With the law not adequately protecting savers from scams, the pensions industry must be more direct with members about the risks of transfers, says Margaret Snowdon.
Around £60bn was requested in transfer values in 2018, based on the alarming intelligence that 210,000 people took transfers amounting to £3bn. In the old days, only a few requested transfers went ahead, but now, almost half of transfers requested are completed. And as research by the Pension Scams Industry Group (PSIG) has shown that somewhere between 0.5% and 12% of transfers show signs of a scam, we can infer that probably 18,000 people made a serious mistake last year.
We can also infer that due diligence has helped to prevent many millions of pounds going to scams. However, too few schemes carry out proper due diligence despite the fact that the process set out in the PSIG scams code offers a great deal of protection. The code asks schemes to talk to members to explain the risks of scams to them directly.
When you talk to a member, you find out a lot more about the transfer process they have faced. You get to hear first hand that they were approached through social media or that they really don't know what they will be investing in or who their adviser is. The paperwork tells you one story, which is very credible, but the member can tell you another. By talking to the member, you can also establish a friendly link, which the scammers use to good effect themselves.
We need to beat scammers at their own game.
Administrators tell me that talking to members is expensive, and I agree, but I am very worried about the future when scammed members will seek compensation. They could win, despite the discharges they signed. Talking to members, and recording conversations, shows how well you explained the risks and what was understood. The cost of a conversation is far lower than the cost of reinstatement and a legal defence. Believe me, the risk is very real. It is already happening and could herald the next pension mis-selling scandal.
Trustees often tell me that they have no option but to pay a transfer where the member has a statutory right. This is where pensions legislation clashes with the duty of care. I agree it is not an easy judgement for trustees to make, especially with transfers to personal pensions - 95% of all transfers go to personal pensions. Most of these will be perfectly fine, provided the member understands what they are getting into, but many contain high charging or unregulated investments and can be subject to transferring onwards, or churning.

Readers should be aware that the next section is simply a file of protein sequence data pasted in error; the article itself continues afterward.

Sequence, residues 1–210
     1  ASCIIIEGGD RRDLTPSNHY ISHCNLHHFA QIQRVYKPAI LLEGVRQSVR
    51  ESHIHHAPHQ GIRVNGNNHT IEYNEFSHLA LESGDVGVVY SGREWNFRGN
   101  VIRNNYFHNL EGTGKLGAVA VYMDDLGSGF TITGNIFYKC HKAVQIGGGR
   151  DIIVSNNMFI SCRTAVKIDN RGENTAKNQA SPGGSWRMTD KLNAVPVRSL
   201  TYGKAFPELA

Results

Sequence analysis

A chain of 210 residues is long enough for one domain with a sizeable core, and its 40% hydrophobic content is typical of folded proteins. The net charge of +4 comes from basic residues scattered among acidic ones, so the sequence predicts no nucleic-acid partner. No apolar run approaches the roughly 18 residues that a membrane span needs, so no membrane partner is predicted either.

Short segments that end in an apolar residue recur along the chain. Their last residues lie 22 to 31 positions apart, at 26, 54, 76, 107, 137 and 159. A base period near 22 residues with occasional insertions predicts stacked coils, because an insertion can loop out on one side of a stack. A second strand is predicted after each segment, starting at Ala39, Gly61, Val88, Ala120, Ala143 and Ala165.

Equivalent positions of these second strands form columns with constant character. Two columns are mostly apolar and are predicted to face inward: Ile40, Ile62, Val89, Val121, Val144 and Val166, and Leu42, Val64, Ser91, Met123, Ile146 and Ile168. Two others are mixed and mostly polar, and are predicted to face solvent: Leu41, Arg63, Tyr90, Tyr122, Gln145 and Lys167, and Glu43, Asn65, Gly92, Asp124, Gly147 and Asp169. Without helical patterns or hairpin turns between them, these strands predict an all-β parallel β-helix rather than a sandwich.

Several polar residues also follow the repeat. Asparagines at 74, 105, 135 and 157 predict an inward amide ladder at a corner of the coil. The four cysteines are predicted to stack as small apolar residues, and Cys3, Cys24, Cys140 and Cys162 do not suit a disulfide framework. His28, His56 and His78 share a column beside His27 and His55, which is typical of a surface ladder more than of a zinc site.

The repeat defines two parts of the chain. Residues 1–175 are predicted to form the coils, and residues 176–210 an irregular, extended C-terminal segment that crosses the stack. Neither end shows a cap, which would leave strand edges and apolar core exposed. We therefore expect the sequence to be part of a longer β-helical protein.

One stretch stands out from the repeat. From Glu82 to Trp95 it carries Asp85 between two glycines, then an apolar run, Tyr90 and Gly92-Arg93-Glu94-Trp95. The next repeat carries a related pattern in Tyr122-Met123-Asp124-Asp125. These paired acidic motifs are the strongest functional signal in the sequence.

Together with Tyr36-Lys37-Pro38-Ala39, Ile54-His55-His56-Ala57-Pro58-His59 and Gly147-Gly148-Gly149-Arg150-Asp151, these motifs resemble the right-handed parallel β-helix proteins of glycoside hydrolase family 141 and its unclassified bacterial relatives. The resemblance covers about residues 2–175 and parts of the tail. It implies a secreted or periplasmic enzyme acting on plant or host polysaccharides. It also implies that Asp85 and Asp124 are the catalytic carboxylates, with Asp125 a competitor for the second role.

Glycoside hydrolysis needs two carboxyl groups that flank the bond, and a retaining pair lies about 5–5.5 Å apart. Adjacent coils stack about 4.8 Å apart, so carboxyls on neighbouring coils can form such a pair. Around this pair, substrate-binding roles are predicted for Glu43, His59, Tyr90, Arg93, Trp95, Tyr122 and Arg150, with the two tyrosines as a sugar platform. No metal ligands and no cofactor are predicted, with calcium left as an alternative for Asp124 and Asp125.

The law does not help protect members from the dangers of scams - and scammers know it. So we have to do all we can to ensure the member is aware of the risks. The Pensions Regulator and the Financial Conduct Authority issue materials to alert individuals and to encourage trustees to take steps to look out for scams, so awareness should be high. Yet so many people still think they won't be scammed because they are too savvy. The law will change eventually to limit the very strong statutory right but, as currently anticipated, will not limit transfers to personal pensions.
The PSIG is currently looking at introducing training for administrators and trustees to bolster the code. We will need to find some funding first of course, as we operate purely on the goodwill of our group. We are also exploring an online intelligence sharing portal for schemes and providers to ensure we can benefit from our combined knowledge of scams and use the tool to inform law enforcement. 2020 will be an exciting year.
In the meantime, we all need to continue to be on our guard and spot the scammers whenever we can. No one will do it for us.
Margaret Snowdon is chairwoman of the Pension Scams Industry Group and president of the Pensions Administration Standards Association
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